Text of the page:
Electrochemical Dissolved Oxygen Sensors
Electrochemical dissolved oxygen sensors can also be called amperometric or Clark-type sensors. There are two types of electrochemical DO sensors: galvanic and polarographic. Polarographic dissolved oxygen sensors can be further broken down into steady-state and rapid-pulsing sensors. Both galvanic and polarographic DO sensors use two polarized electrodes, an anode and a cathode, in an electrolyte solution 7. The electrodes and electrolyte solution are isolated from the sample by a thin, semi-permeable membrane.
When taking measurements, dissolved oxygen diffuses across the membrane at a rate proportional to the pressure of oxygen in the water 7. The dissolved oxygen is then reduced and consumed at the cathode. This reaction produces an electrical current that is directly related to the oxygen concentration 7. This current is carried by the ions in the electrolyte and runs from the cathode to the anode 19. As this current is proportional to the partial pressure of oxygen in the sample 15, it can be calculated by the following equation:
id = (4 * F * Pm(t) * A * pO2) / d
id = current produced
F = Faraday’s constant = 9.64×10^4 C/mol
Pm(t) = permeability of the membrane as a function of temperature
A = surface area of cathode
pO2 = partial pressure of oxygen
d = membrane thickness
Typical currents produced by oxygen reduction are around 2 uAmps 16.
If measurements are being done in a lab or still water, it is necessary to stir galvanic and polarographic DO sensors in solution. This measurement method is dependent on flow due to the consumption of the oxygen molecules 7. When the oxygen is consumed, the sensors can produce an artificially low DO reading in no-flow situations 7. Electrochemical dissolved oxygen sensors should be stirred in the sample until the dissolved oxygen readings no longer increase.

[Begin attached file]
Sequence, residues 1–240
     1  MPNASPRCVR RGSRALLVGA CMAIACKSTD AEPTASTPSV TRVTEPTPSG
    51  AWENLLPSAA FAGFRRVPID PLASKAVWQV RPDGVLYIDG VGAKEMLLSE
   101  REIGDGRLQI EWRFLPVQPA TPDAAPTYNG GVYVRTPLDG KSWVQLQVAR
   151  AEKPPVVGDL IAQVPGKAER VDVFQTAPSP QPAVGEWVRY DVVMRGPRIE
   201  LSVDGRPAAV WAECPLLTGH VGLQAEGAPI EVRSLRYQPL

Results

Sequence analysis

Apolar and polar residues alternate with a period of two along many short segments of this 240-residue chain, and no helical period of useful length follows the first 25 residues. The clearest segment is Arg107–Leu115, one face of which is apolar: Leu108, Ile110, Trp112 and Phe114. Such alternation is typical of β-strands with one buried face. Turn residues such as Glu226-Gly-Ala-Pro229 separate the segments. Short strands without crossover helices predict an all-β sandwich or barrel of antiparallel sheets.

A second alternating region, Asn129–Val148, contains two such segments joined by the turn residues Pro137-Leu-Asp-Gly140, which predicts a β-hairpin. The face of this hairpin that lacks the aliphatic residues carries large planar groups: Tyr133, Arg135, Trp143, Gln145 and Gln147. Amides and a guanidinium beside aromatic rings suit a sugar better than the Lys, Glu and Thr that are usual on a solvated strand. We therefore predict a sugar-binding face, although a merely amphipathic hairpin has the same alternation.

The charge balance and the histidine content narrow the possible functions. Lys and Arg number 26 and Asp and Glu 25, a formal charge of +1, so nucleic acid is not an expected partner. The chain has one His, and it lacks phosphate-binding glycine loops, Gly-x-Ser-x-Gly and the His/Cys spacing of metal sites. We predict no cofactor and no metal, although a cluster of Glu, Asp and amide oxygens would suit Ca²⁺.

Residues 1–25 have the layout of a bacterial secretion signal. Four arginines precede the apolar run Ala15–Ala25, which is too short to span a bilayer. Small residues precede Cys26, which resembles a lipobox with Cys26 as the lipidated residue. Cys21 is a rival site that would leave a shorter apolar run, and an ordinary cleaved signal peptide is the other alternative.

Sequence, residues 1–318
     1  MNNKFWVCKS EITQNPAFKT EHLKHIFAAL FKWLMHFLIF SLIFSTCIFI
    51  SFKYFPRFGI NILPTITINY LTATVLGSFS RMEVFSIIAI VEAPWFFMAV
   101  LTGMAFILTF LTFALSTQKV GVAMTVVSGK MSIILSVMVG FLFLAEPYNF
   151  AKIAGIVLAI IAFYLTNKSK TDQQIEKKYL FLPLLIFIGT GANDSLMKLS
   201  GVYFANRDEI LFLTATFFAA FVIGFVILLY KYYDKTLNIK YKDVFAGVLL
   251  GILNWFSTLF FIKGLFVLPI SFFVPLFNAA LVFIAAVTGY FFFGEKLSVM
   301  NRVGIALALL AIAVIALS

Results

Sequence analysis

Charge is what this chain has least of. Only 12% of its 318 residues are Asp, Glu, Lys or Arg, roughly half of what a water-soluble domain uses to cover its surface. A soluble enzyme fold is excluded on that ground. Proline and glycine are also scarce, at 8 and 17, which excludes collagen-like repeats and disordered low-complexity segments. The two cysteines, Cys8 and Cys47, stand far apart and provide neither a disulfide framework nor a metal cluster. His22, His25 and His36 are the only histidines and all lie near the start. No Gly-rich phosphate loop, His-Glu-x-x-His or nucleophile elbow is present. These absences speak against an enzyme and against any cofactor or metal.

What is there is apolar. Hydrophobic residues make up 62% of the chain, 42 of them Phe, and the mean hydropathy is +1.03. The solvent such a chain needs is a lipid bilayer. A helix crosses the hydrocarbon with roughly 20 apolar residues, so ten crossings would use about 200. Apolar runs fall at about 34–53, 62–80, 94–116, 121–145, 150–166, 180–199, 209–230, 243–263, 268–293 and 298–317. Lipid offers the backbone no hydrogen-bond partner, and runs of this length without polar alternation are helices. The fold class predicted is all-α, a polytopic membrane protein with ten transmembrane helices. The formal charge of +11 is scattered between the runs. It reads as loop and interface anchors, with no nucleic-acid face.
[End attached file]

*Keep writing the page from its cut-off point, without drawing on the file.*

Polarographic Dissolved Oxygen Sensors
A polarographic DO sensor is an electrochemical sensor that consists of a silver anode and a noble metal (such as gold, platinum or infrequently, silver) cathode in a potassium chloride (KCl) solution 8. When the instrument is turned on, it requires a 5-60 minute warm-up period to polarize the electrodes before calibrating or measuring. The electrodes are polarized by a constant voltage (between 0.4 V and 1.2 V is required to reduce oxygen) from the cathode to the anode 8). As electrons travel in the opposite direction of a current, the anode becomes positively polarized and the cathode becomes negatively polarized 14. This polarization occurs as electrons travel from the anode to the cathode via an internal wire circuit 19. When oxygen diffuses across the membrane, the molecules are reduced at the cathode, increasing the electrical signal 7. The polarizing potential is held constant while the sensor detects changes in the current caused by the dissolved oxygen reduction 7. The more oxygen that passes the the membrane and is reduced, the greater the electrical current read by the polarographic DO sensor.
This is a two-part reaction – the oxidation of the silver anode and the reduction of the dissolved oxygen. These reactions occur as follows:
Ag – silver anode
KCl and H2O – potassium chloride solution
Au/Pt – gold or platinum cathode *inert electrode – does not participate*
Silver Anode Reaction and Oxidation
4Ag —-> 4Ag+ +4e–
4Ag+ 4KCl —-> 4AgCl + 4K+
Gold Cathode Reaction and Oxygen Reduction
*The Au/Pt cathode is inert and only passes electrons; it does not participate in the reaction* 18